Cyborg in training

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johnmarkos

Cyborg in training
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It's been a week and a day since surgery, and mostly, I'm feeling pretty good, knock on wood! I'm taking lots of short walks, but since I live on the top of a hill, I haven't ventured off it yet. Sternal pain is not too bad, and I've been handling it with Acetaminophen/Paracetamol/Tylenol. Occasionally, I get some unpleasant tightness in the scapulae, which hurts a lot more than my chest does. I've got a low-grade temperature, just as I did in the hospital: 99F/37.2C just now, first thing in the morning. I've been getting frequent, short-lived migraine auras for the past few days, so I called my surgeon's office, and the PA told me that's a common symptom. I have an appointment at Dr. Egrie's office tomorrow (Wednesday).

Sleeping is slowly getting better. I wake up at 2 or 3 in the morning every night now, and I take an acetaminophen, and eventually go back to bed. Last night and the night before I got about 4.5 hours in two shifts each night, so that's not too bad. My normal, pre-surgery time asleep is about 5.5 hours. In the hospital, I was getting less than 3 hours/night, and one of the nurses told me that was more than most cardiac patients.

Our friends have put together a food train, so we're getting home cooked meals every night! It's wonderful. I've been trying to eat a healthy diet with plenty of vegetables ("dose the diet"), and my once and future running buddy came over for a walk and made us a delicious salad for lunch yesterday.

My parents are in town from New York State till the end of the month: it's so nice for us to spend some time with them. They've been truly helpful, and I can hardly imagine getting through this process without their help.
 
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PAN

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Oct 17, 2019
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UK
Thanks for the update. Really appreciate the detail in your posts.

Sounds like it is all going pretty well. Small steps and every day should get better. The cyborg will tackle the hill in no time at all.

All the best,

P
 

Protimenow

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Food trains can be great. It's good to have a caring community that will do that for you.

One suggestion -- if you eat a lot of greens, continue to do so -- then you can (eventually) adjust your warfarin dosage to match your diet. If you have found an appropriate dose, then stop eating greens, your INR will climb. (The greens interfere with the action of warfarin, so you need a higher dose to compensate).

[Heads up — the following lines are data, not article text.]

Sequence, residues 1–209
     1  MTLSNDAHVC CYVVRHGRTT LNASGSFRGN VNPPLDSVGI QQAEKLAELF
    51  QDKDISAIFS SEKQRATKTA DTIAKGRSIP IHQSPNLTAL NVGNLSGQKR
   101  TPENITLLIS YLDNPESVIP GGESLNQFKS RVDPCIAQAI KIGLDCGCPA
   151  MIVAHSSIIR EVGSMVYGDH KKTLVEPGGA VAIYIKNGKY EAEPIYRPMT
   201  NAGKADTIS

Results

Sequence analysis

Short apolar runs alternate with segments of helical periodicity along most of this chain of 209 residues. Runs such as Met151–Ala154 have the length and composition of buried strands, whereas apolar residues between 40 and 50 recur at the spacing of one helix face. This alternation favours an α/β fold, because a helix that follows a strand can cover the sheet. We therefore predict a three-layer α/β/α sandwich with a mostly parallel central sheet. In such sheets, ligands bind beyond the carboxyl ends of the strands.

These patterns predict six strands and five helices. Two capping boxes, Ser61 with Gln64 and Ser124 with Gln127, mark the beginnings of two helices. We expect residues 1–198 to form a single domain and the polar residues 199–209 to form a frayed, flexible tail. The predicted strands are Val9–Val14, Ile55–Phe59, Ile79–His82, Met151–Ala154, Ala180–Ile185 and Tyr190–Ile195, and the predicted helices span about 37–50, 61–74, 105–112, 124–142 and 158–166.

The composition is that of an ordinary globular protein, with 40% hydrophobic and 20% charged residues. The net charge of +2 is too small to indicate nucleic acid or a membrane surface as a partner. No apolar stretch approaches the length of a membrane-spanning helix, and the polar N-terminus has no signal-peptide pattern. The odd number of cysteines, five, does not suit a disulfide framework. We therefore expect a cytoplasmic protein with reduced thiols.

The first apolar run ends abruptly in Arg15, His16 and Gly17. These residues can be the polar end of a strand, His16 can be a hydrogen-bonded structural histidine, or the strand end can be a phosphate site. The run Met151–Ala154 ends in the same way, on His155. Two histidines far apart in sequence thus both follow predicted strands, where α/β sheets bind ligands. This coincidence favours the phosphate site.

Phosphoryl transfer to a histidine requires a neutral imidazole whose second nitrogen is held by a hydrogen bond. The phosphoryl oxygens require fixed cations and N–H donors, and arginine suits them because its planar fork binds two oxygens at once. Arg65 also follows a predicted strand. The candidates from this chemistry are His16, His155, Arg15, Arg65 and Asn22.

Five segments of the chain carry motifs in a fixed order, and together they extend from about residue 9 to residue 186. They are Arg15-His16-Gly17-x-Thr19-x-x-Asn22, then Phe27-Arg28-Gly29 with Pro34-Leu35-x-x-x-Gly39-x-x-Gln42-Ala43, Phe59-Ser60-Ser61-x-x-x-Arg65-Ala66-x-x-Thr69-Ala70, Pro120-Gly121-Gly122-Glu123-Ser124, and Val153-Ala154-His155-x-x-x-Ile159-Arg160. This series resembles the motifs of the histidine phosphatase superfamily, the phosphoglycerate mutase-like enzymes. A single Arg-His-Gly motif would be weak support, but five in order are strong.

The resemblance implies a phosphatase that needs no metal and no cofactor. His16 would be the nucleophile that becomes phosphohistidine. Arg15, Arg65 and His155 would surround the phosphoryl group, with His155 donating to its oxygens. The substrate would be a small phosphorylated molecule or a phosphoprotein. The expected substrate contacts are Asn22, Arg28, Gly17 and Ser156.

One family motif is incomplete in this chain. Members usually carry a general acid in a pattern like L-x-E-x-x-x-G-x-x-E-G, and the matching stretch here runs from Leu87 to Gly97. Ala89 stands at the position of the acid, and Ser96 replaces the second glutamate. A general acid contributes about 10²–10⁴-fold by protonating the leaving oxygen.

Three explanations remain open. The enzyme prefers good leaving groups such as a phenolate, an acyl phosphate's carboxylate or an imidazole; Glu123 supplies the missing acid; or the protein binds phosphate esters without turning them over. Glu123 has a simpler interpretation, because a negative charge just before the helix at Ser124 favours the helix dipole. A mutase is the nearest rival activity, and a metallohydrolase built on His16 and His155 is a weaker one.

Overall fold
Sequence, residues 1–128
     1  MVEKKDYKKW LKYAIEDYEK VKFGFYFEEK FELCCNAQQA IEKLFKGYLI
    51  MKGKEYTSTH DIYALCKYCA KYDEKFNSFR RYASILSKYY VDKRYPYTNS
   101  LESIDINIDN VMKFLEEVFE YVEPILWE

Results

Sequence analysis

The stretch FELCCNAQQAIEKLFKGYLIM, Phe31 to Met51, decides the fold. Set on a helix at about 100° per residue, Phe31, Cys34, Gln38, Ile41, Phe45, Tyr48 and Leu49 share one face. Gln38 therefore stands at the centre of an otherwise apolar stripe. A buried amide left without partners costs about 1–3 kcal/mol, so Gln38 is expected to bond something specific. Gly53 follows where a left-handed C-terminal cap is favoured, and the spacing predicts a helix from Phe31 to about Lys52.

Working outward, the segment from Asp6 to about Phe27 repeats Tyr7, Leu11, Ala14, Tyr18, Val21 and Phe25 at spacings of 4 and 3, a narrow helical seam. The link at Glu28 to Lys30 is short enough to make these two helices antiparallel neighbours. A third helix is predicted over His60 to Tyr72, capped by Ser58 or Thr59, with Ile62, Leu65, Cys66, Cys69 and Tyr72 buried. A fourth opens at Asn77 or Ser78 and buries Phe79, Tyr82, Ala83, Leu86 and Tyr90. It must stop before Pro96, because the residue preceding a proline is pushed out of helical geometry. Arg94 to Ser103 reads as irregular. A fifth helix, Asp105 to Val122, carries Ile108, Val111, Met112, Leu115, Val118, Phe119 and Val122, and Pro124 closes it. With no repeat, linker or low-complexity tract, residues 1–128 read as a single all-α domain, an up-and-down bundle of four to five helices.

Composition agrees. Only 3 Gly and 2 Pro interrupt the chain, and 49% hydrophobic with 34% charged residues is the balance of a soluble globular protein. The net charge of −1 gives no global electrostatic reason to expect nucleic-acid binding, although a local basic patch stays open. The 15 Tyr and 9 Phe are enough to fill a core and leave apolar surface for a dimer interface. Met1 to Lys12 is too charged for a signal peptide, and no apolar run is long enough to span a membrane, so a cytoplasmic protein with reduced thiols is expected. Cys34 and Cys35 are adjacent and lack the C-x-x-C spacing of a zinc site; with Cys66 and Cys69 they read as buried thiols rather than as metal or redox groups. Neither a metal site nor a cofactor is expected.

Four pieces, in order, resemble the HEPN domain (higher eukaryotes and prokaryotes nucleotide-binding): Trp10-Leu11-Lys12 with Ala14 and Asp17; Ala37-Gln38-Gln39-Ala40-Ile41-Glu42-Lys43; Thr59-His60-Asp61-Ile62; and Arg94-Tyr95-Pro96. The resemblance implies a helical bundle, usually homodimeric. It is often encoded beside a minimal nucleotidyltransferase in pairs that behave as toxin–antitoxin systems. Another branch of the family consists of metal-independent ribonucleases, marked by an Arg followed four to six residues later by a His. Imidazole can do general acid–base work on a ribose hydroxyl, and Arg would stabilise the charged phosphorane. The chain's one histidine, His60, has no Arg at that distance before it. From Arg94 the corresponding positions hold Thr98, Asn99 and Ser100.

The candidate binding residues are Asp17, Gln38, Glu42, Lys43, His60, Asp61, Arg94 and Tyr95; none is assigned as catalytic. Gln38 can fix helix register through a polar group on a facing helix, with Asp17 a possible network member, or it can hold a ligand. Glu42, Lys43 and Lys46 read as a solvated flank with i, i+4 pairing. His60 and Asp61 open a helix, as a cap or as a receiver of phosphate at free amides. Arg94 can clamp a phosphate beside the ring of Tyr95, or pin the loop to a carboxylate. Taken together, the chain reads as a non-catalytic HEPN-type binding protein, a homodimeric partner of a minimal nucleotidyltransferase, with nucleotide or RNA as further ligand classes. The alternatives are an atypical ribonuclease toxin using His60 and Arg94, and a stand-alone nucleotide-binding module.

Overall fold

johnmarkos

Cyborg in training
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Thanks, all! I had an episode of atrial fibrillation yesterday afternoon/evening. When I called the surgeon's office, the PA suggested some more tests tomorrow at my post-op visit, but was reassuring. Apparently, the main risk of Afib is increased risk of stroke, and since I'm already on Warfarin, I'm already mitigating that risk. The Afib resolved on its own before midnight.

Speaking of Warfarin, my father told me that WARFarin contains the abbreviation for Wisconsin Alumni Research Foundation. As my whole family comes from Wisconsin -- converged on Wisconsin in the 19th century, then diverged from it in the 20th -- that pleases me quite a bit.
 

Protimenow

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Close -- WARF is actually Wisconsin Agricultural Research Foundation. I've written about this before.

The story is that when male goats were being castrated, some came out just fine, while others bled to death. It was determined that the goats that bled out ate clover (I think it was red clover). Researchers at WARF isolated the material that caused the anticoagulation, patented it, and sold the patent to a pharmaceutical manufacturer - and we got Coumadin. Once the patent expired, it was marketed in generic form, using its original name - WARFarin.

It's a shame that they used WARF in such an unimaginative way. Imagine something called Warfwarf (people may think that it's an anticoagulant for dogs), Warfpier (would be attractie to sailors), Warffraw (for people who play games with letters), maybe just WARF, Warfare (something that only the military may like), and others yet to be suggested. Of course, we'll just have to stick with the original name. (Although it's a simple name, I see a lot of people who still can't spell it).
 

tom in MO

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Johnmarkos is correct according to Wiki "The name "warfarin" stems from the acronym WARF, for Wisconsin Alumni Research Foundation + the ending -arin indicating its link with coumarin."
 

Protimenow

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Yes, it apparently WAS Alumni, not agricultural.

The original story was that it was cows that died of internal bleeding - not castrated goats or cattle.

At least I got the Wisconsin part of it right (but it was already there, wasn't it). I'll have to do more research in the future before quoting from memory.
 
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johnmarkos

Cyborg in training